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Landlords warned over large-scale property fraud scams

There’s a new warning to landlords purchasing properties about a spike in scams which have seen victims defrauded out of hundreds of thousands of pounds.

The Law Society of England and Wales has joined forces with the National Economic Crime Centre, which is housed within the National Crime Agency, and Action Fraud to issue flyers warning of the risk of payment diversion fraud.

Criminals are actively targeting property purchases, with the aim of tricking people into transferring over their house deposit and/or the balance of purchase monies to them.

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The frauds almost always involve the criminals pretending to be the victim’s lawyer to con them into diverting their payment to an account the crooks control.

“We are urging our members to share these flyers with their clients in order to help protect them from these highly-sophisticated and cruel schemes” says Law Society president I Stephanie Boyce.

“These frauds can involve huge sums of money and have a devastating lifelong impact on the home buyer and their personal finances. Solicitors and their clients can all play a part in making such crimes more difficult for the criminals.”

One buyer was scammed into handing over £640,000. 

Emails between the buyer and their solicitor had been intercepted by criminals, who were able to collect all the information relating to the house purchase.

They then used a spoofed email account - made to look like that of the solicitor - to request payment. Payment details were provided on headed solicitors paper via the spoofed email, and the amount requested was exactly what the buyer had expected to pay.

The victim was later advised by the genuine solicitor that these payments had not been requested. Most of the money was never recovered, all-but wiping out the victim’s equity and savings, and leading to the collapse of their purchase.

“Buyers should be extremely vigilant if there appears to be any change of payment details, and always double-check by calling their lawyer before they transfer their money, as emails can be intercepted or diverted” adds Boyce.

Jon Shilland, fraud threat lead at the NECC, comments: “Payment diversion fraud is increasing and it is vital to be alive to the threat as criminals are targeting home-buyers due to the scale of the transactions.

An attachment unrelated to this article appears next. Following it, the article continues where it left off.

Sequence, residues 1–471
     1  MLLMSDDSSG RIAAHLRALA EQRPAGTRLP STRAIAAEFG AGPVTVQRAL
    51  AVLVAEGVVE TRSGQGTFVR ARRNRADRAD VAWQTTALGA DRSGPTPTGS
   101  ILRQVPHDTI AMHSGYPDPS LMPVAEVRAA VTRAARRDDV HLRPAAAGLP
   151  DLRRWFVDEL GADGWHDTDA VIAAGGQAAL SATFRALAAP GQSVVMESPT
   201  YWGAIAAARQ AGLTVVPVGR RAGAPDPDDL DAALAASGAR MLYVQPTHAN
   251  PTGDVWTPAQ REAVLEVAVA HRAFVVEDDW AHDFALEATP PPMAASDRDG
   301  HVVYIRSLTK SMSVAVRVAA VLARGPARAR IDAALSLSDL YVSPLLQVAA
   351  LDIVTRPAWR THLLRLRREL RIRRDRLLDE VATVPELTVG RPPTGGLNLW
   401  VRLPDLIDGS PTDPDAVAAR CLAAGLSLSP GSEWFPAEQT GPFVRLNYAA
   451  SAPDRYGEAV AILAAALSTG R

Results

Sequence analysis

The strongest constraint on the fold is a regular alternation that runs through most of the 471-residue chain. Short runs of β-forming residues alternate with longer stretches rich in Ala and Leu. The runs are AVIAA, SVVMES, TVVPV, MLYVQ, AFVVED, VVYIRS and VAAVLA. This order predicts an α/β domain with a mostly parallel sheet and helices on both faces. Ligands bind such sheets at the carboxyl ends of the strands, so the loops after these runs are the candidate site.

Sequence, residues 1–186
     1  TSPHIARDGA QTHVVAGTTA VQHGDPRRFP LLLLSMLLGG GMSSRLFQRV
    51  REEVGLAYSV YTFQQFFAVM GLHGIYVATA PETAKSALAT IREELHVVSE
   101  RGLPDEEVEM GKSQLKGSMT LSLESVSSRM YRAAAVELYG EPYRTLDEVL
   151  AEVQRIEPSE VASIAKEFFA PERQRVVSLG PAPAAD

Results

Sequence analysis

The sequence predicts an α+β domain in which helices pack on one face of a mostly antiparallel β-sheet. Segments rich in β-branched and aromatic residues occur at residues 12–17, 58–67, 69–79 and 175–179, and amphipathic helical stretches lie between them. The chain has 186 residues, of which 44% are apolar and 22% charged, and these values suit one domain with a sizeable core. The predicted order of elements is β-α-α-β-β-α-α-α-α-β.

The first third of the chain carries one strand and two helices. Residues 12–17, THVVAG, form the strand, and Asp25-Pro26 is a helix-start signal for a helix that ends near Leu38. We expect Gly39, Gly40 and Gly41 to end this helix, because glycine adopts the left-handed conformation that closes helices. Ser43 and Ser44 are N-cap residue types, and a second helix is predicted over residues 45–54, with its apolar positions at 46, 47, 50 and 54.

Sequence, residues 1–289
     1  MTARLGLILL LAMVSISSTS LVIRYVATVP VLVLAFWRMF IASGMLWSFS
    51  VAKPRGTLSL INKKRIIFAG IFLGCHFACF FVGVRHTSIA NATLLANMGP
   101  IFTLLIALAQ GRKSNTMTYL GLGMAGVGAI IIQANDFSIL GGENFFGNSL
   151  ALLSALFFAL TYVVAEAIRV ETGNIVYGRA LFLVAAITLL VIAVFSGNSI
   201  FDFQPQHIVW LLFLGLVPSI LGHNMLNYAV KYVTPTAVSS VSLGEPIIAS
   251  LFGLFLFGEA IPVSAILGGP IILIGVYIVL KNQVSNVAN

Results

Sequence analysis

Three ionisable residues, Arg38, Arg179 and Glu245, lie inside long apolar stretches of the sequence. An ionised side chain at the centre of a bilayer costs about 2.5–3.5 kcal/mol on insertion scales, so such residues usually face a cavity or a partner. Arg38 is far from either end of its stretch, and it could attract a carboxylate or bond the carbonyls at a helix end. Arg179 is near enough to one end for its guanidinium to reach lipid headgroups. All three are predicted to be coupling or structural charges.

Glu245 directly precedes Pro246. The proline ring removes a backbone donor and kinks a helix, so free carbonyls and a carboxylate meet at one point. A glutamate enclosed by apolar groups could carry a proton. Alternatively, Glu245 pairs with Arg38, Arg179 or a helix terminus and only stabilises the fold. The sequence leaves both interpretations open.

“Whenever a client is making a payment to their solicitor for a house purchase, they should be highly suspicious of any change in account details or new instructions. Remind them to always check with a trusted known contact, and if they have any doubt not to transfer the money.”

Want to comment on this story? If so...if any post is considered to victimise, harass, degrade or intimidate an individual or group of individuals on any basis, then the post may be deleted and the individual immediately banned from posting in future.

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    First transfer £10 then check to see that the correct person has received it, many people now do this before transferring large sums.

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    This is exactly what I do . I transfer a £1.00 test payment, followed by confirmation by the receiving end and then transfer the bigger amount

     
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    Good advice Andrew. I've been doing that for a long time with payments (even just a penny confirms the account). Quick and easy to do and could one day prevent a horror story like the one we've just read.

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    I also do a test transfer but I dont tell the recipient how much so they have to confirm receipt and let me know the amount, - belt and braces!

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    Very wise nothing wrong with the belt and braces approach in the present corrupt world

     
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    Something does not add up with these scams. The money ends up in a bank account so is traceable. If I get more than £10,000 put into my bank the bank manager is asking me where it's coming from. A friend who got caught up in one of the scams tells me £360,000 was transferred to a 19-year-old unemployed persons bank account who then withdrew it in cash! Something was very wrong with the bank who paid that money over and luckily my friend got most of the money back but it took a long time and was not easy.

    Am I wrong in believing that the fault lies with the banks? Yet The blame seems to fall on the victim. It sounds like what happened many years ago under the days of housing benefit. The system of administration was tightened up because of landlord fraud. Yes a few landlords were defrauding the system but the big frauds were all internal involving housing benefit staff yet it was portrayed as protecting against landlord fraud.

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